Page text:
Let’s go all the way back to 2009 when President Obama and Democrats were working on a plan for health care reform. It’s helpful to remember that then-Senator Jim DeMint articulated what Republicans had in mind with their opposition.

“If we’re able to stop Obama on this it will be his Waterloo. It will break him,” he said.

They weren’t able to stop him. Obamacare was eventually passed with zero Republican support. But in fanning the flames for their obstruction, they were able to rouse their base of supporters into thinking that this law posed a great threat to their freedom and the American way of life. Over the next seven years, Republicans continued their rhetoric in opposition, passing multitudes of bills to repeal Obamacare in the House once they gained a majority – knowing that it would be vetoed by President Obama. They even shut the government down temporarily in 2013 in an attempt to defund Obamacare.

The Republican candidate for president in 2016 joined this chorus by promising to repeal Obamacare and replace it with something “terrific.” With Trump’s election and a Republican majority in both houses of Congress, it was finally time to keep the promise they’d been making all these years.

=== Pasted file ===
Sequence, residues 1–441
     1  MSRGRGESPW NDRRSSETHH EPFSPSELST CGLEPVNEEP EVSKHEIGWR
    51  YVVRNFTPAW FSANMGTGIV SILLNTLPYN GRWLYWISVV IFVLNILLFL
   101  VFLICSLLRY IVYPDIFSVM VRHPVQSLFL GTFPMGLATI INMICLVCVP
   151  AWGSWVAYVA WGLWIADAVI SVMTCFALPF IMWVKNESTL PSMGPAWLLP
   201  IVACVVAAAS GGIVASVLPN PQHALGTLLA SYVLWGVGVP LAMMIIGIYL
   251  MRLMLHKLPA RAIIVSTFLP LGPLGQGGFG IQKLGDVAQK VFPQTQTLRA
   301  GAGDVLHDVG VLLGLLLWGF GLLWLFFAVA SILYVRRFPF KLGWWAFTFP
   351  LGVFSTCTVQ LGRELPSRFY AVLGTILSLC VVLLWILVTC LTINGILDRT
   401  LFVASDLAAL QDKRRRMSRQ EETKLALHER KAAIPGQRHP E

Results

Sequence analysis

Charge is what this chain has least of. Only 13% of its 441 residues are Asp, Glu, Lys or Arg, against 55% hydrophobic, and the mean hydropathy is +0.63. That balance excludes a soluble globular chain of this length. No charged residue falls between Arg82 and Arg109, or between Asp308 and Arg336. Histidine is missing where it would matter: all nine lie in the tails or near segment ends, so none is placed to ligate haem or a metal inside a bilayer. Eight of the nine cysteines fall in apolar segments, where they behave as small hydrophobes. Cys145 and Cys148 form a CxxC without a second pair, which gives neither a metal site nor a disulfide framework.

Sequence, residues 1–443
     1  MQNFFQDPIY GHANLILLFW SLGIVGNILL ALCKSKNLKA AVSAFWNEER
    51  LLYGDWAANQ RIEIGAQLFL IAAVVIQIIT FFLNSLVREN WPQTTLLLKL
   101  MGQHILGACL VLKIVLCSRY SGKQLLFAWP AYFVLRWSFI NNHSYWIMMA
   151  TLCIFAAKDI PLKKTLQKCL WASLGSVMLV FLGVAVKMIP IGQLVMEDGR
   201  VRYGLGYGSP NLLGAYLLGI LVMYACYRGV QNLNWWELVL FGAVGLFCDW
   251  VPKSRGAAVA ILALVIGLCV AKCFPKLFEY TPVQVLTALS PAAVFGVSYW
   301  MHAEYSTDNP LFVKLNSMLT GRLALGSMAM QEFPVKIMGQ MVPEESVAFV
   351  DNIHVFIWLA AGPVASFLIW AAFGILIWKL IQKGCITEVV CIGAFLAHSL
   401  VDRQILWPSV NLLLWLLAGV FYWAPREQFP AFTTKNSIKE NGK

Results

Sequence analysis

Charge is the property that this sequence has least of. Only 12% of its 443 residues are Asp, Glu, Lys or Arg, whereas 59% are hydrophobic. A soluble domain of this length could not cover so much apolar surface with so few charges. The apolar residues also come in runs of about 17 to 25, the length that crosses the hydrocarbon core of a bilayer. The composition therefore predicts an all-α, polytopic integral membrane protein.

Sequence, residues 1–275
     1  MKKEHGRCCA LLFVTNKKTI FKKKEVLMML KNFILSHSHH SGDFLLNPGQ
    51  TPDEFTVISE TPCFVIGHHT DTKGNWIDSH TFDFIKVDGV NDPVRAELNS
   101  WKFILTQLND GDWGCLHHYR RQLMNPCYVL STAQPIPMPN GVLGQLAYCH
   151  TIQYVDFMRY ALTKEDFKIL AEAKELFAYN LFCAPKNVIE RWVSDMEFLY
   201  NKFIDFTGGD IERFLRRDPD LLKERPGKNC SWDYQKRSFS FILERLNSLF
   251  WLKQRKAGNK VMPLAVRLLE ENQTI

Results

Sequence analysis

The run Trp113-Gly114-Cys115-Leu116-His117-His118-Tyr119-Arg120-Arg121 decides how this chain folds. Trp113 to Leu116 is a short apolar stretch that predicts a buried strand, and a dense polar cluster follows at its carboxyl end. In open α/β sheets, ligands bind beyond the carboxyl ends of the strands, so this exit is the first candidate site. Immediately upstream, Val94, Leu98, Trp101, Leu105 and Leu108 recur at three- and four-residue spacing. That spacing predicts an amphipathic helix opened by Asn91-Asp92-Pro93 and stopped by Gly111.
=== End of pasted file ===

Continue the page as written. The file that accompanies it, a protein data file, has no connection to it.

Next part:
The problem was that, after years of promising to repeal Obamacare and replace it with something better, there was no consensus in Republican ranks about the replacement plan (nor was there much expectation that they would come up with something better). So the plan became to repeal Obamacare right away and delay its implementation until they could come up with a replacement.

That opened up a whole can of worms. There was a lot of disagreement over how long to delay the implementation and, as that was being discussed, insurance companies noted that they’d need some kickbacks to keep the whole thing going in the meantime. While that was happening, some Republicans — including President-elect Trump — began to make promises that they’d keep the parts of Obamacare that were particularly popular, like the ban on refusing coverage due to pre-existing conditions. Those promises make a “better” replacement pretty much impossible.